There is a rather strange article in the New Zealand Herald today, entitled “Aucklanders stick with cars as best way to travel”. I’m not quite sure how most popular equates to “best”, but that’s not really the issue here. The article is based around a media release by Statistics NZ on the ways in which people get to and from work:
A new analysis of commuting patterns, published yesterday by Statistics NZ, shows that the proportion taking the car to work in the Auckland region rose from 78.4 per cent in 1996 to 78.6 per cent in 2001 and 78.8 per cent in the last Census, in 2006.
Public transport’s share rose in the same period from 6.1 per cent to 6.3 per cent and then 6.4 per cent.
There were slight reductions in the numbers riding bikes and motorbikes, and the number walking to work fell and then rose slightly to end the decade slightly below where they started.
Auckland’s public transport share was puny compared with 13.4 per cent in Wellington, although still slightly better than Christchurch’s 4 per cent.
Well, so what do we really have here? Some three year old statistics that someone at Stats NZ has randomly decided to release to the media gets thrown in as something new. Of course, this kind of data is pretty depressing from the perspective of a public transport advocate, although it’s not really surprising as Auckland’s public transport rennaisance has been particularly significant in the three years since 2006.
Maybe the Herald could undertake some research to see if things have change since 2006? ARTA public transport patronage data certainly suggests there has been a significant change – with public transport ridership at its highest level in decades. Meanwhile, NZTA data suggests that the number of people driving along our state highways has been significantly declining in recent years too. I guess that would be too much work though, it’s easier to write up an article from a media release based on statistics that are three years out of date.
Fortunately, the article actually does go on to provide us with some meaningful information – about the important relationship between employment density and public transport use. The general rule is that the more your employment is centralised (either in the CBD or in various activity nodes) the easier it is for people to use public transport. This is further detailed:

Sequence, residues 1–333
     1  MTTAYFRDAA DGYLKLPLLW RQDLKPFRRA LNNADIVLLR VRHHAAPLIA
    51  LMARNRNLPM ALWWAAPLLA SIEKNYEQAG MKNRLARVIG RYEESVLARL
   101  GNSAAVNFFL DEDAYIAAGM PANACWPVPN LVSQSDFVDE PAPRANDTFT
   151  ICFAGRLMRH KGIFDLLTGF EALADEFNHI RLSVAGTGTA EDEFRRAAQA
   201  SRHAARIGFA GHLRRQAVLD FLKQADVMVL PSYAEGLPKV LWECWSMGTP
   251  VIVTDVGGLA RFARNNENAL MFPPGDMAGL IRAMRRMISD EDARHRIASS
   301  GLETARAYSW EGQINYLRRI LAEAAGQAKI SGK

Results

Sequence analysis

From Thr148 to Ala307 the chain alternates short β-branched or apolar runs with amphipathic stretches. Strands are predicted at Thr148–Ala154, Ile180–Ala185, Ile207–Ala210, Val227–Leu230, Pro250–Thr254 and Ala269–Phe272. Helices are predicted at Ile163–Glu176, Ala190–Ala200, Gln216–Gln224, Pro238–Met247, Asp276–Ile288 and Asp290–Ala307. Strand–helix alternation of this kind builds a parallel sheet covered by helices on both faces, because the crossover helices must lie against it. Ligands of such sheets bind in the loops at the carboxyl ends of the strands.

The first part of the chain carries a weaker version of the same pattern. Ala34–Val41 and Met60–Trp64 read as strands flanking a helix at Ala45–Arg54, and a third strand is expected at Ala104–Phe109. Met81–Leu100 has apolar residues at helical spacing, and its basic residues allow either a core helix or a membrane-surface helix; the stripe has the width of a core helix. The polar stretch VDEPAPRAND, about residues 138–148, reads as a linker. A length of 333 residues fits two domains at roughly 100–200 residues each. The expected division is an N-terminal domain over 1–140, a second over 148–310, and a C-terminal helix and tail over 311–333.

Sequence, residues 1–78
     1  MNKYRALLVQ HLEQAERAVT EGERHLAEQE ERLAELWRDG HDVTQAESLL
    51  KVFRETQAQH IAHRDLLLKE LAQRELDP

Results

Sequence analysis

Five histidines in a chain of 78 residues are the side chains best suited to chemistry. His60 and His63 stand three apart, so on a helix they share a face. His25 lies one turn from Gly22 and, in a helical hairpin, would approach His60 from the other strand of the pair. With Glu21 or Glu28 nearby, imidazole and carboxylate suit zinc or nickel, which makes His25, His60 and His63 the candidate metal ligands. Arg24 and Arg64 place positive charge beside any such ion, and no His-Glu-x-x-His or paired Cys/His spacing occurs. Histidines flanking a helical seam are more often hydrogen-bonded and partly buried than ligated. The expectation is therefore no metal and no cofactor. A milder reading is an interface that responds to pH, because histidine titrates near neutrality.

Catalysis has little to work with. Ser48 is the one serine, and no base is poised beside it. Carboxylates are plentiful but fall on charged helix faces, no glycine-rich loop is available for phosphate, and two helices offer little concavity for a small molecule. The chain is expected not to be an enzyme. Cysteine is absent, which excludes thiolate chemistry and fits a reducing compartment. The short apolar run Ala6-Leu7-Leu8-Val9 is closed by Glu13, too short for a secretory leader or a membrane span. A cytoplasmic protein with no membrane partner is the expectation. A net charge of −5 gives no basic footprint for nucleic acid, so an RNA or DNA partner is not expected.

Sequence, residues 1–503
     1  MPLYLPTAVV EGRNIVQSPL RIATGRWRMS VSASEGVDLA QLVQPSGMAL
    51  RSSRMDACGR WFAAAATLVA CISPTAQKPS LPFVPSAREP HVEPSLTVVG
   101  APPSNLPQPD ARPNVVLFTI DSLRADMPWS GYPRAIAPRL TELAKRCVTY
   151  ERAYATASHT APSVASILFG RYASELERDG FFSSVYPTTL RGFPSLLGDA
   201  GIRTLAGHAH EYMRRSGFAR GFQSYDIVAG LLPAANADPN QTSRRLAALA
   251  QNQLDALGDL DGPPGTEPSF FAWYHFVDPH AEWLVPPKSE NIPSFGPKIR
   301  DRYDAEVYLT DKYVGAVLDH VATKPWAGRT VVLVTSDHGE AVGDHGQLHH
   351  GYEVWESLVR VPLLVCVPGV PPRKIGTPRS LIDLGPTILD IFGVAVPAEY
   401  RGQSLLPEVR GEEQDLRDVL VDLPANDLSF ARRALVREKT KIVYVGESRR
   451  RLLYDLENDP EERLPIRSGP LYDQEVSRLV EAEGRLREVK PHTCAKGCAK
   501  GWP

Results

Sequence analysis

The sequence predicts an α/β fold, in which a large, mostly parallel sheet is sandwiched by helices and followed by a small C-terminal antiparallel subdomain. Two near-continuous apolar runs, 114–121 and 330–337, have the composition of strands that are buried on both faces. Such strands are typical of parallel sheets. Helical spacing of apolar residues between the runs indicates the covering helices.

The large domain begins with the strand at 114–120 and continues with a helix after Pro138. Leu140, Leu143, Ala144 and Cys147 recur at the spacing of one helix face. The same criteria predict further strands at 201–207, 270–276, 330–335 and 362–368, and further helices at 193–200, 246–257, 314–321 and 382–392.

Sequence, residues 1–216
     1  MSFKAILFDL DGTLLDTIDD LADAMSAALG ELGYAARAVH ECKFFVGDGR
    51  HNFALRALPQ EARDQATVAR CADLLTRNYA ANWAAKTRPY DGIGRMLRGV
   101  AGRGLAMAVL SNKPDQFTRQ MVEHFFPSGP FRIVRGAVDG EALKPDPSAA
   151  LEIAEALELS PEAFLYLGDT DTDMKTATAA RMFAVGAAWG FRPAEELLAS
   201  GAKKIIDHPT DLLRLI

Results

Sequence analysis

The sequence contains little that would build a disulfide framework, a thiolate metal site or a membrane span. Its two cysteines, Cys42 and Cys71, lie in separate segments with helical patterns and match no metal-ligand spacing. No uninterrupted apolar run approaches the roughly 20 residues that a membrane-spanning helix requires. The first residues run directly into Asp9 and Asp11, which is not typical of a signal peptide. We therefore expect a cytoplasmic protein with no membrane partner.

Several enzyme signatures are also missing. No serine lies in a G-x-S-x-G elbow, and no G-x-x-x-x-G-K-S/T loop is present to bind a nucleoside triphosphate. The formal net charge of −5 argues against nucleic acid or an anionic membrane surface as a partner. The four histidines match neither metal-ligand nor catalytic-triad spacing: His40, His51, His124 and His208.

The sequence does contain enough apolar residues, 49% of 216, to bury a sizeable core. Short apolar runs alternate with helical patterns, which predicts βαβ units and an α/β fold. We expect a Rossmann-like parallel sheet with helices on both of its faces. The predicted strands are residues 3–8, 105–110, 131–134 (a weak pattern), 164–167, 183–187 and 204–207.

Transport consultant Barry Mein said the dominance of the car reflected a continued dispersal of Auckland’s new jobs. The traditional central business district (CBD) still accounts for a big and growing share of all jobs in the Wellington region, up from 35 per cent in 1996 to 36.5 per cent a decade later.
“Areas with good public transport do have strong CBDs internationally, because traditionally the transport systems were centred on their CBDs.”
In Christchurch the CBD’s share fell from 25.3 per cent to 22 per cent, but remained strong.
But in Auckland, even in 1996, only 12.6 per cent of the region’s jobs were in the CBD, defined as the area between the central motorway loop and the harbour. By 2006, that proportion was down to 11.7 per cent.
“The number of employees in the CBD was about 50,000 in the 1950s and it’s still only about 70,000 now. For a number of years it didn’t grow much at all, whereas the total regional employment was growing substantially,” Mr Mein said.
It’s easy to fall into the trap of saying “oh well Auckland’s employment is decentralised, public transport will never work here (which seems to be what the general tone of the article is hinting at). However, I interpret this as actually meaning that there is a very strong link between land-use policy and public transport outcomes – so if we want to get more people using public transport then our land-use policies need to focus on concentrating employment into the CBD and other ‘hubs’ around the city. There are many identified employment hubs around Auckland: the CBD, North Harbour/Albany, East Tamaki, Mt Wellington/Penrose, Manukau City/Wiri, Newmarket/Grafton and Takapuna/Westlake. However, two-thirds of the jobs in the Auckland region are not located in any of these employment hubs – a quite incredible figure!
Clearly, if Auckland is to move away from its severe auto-dependency then we will need to focus employment around hubs that can be easily accessed by public transport – in particular the CBD. Fortunately, the regional council is heading in the right direction on that front.